Saturday, September 18, 2010


God is Love

Beloved, let us love one another, for love is from God, and whoever loves has been born of God and knows God. (1 John 4:7. ESV.)

I can only imagine what the world would be like if there was no hate. It is quite possible individuals would be able to disagree peacefully, affection would be unconditional, issues of divorce, domestic violence, child abuse, etc. would be minimal or perhaps nearly nonexistent. Boarders and possession of land would be settled without hostility or violent wars. The condition of the earth, its inhabitants, and way of life would (in my opinion) look altogether different. Crime would ultimately be at a low. In short, the population would potentially be more childlike. It is even plausible an absence of hate would affect the amount of drug and alcohol abusers in existence as well.

If I speak in the tongues of men and of angels, but have not love, I am a noisy gong or a clanging cymbal. 2 And if I have prophetic powers, and understand all mysteries and all knowledge, and if I have all faith, so as to remove mountains, but have not love, I am nothing. 3 If I give away all I have, and if I deliver up my body to be burned, but have not love, I gain nothing. (1 Corinthians 13:1-3. ESV.)

Can people hold differing opinions and still show love? I believe so. Why not? I reason men, women, and children have the ability (though maybe not the skills) to coexist despite national, cultural, racial, geographical, cosmetic, relational, prophetic, and/or religious differences.

Regardless the gospel says...

God's Grace is Sufficient

But he said to me, "My grace is sufficient for you, for my power is made perfect in weakness." Therefore I will boast all the more gladly of my weaknesses, so that the power of Christ may rest upon me.
(2 Corinthians 12:9. ESV.)

Be a Kinder...

Abraham Piper wrote a post (I have quoted on this blog before and part of which I have again pasted below) called "Be a Kinder Calvinist". Though some (or even most) may not place themselves in the category of either "Calvinist" nor "Arminian" I feel Piper's message is still applicable in general (dare I say for everyone) the most considerate, tolerant Christian, Calvinist, Arminian, Catholic, Hindu, Buddhist, Atheist, Muslim, Pagan, or whatever else one might be, from the heart, in LOVE.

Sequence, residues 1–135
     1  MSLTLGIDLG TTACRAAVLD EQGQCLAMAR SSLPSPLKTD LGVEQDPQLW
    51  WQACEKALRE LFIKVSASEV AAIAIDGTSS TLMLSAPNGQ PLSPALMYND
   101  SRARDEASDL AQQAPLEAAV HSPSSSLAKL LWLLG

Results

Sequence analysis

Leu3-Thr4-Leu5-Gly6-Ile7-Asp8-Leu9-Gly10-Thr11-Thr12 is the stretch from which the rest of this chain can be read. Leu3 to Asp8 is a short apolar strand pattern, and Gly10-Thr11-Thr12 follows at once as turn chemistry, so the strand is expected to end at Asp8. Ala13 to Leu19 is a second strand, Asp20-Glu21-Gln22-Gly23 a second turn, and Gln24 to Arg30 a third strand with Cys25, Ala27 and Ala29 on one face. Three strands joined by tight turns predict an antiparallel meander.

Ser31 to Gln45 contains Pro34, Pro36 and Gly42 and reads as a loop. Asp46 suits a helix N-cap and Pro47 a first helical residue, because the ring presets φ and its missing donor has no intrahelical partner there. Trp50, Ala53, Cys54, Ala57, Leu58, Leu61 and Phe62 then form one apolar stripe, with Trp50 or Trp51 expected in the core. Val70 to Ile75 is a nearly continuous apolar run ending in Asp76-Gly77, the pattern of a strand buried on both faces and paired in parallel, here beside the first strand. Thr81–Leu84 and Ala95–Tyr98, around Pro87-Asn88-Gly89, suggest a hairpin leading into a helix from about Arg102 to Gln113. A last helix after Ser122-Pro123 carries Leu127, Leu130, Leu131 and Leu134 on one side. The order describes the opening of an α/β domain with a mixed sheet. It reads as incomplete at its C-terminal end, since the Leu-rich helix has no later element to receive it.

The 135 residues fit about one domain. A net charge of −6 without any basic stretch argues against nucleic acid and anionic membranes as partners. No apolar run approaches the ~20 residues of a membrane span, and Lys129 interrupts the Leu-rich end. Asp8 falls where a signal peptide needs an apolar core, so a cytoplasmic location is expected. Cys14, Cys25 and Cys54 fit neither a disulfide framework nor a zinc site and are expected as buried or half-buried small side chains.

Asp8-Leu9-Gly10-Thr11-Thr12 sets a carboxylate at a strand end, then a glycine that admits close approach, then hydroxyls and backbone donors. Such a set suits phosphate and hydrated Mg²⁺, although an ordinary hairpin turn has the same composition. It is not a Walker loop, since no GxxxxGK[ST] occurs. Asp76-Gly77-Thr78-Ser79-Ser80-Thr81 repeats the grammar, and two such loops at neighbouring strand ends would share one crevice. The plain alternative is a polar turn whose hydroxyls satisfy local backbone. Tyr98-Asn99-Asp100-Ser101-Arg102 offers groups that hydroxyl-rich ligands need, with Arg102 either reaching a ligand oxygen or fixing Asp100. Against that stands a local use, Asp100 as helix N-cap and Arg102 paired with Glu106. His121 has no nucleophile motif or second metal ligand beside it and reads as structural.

There is a letter on Scot McKnight's blog from a pastor who is very frustrated with certain Calvinists in his church. It would be easy enough to disregard it, pointing out that not all Calvinists are like that or that his use of the word "hyper-Calvinist" doesn't match correct theological jargon. But that would be missing the point. And, ironically, that reaction would only lend credence to the frustration that motivated the letter in the first place.

So how should we read this letter in a way that acknowledges, understands, and respects the discouragement of its author?

First, we should note that it is simply indisputable that some people are exactly the way he describes. When you see mean extremists in another circle, it reminds you why you don't run with that crowd. But when you see mean extremists in your own circle, it's just plain embarrassing. Unfortunately, until we are perfected there will always be mean people of every theological strain. But fortunately, we are a part of the church not merely for the company, but for Christ.

The second way to understand the letter is to see it (along with the numerous comments that follow) as abundant evidence that, to many, Calvinists come across as self-righteous, condescending, arrogant, unfriendly, argumentative, and even stingy. The fact that we're not all that way is irrelevant in the same way that it didn't matter to Molly that I had done three things to show I appreciate her—she still felt unappreciated. Her frustration was true because, whether or not I was grateful to my wife, I was perceived as an ingrate. Similarly, the frustration in the letter is true because, whether or not the Calvinists in the letter-writer's church are good folks, they come off as proud and divisive jerks. Those Calvinists, as church members, and I, as a husband, should change based on this information, regardless of how "inaccurately" the frustration may be worded.

In my marriage, it doesn't matter whether I'm thankful if I don't seem like it. And in the church, it doesn't matter whether we have the fruits of the Spirit if no one can tell.

It won't be easy to change the pejorative stereotype that clings to Calvinism, but we can start by admitting that it is accurate far too often. Then we can make sure we are manifestly not self-righteous, condescending, arrogant, unfriendly, or argumentative. Also, you can count on us to buy dinner or coffee sometimes.

Paying attention to those who disagree with us and taking them seriously, even if we're pretty sure we'll still disagree, is part of what it means to be in the body of Christ. It's humbling; it sanctifies. It will make us better husbands and wives. It will make us better Christians, and maybe even better Calvinists.
(© Desiring God. Website:

The Way of Love

Love is patient and kind; love does not envy or boast; it is not arrogant 5 or rude. It does not insist on its own way; it is not irritable or resentful; 6 it does not rejoice at wrongdoing, but rejoices with the truth. 7 Love bears all things, believes all things, hopes all things, endures all things.

8 Love never ends. As for prophecies, they will pass away; as for tongues, they will cease; as for knowledge, it will pass away....

13 So now faith, hope, and love abide, these three; but the greatest of these is love. (1 Corinthians 13:4-8, 13. ESV.)
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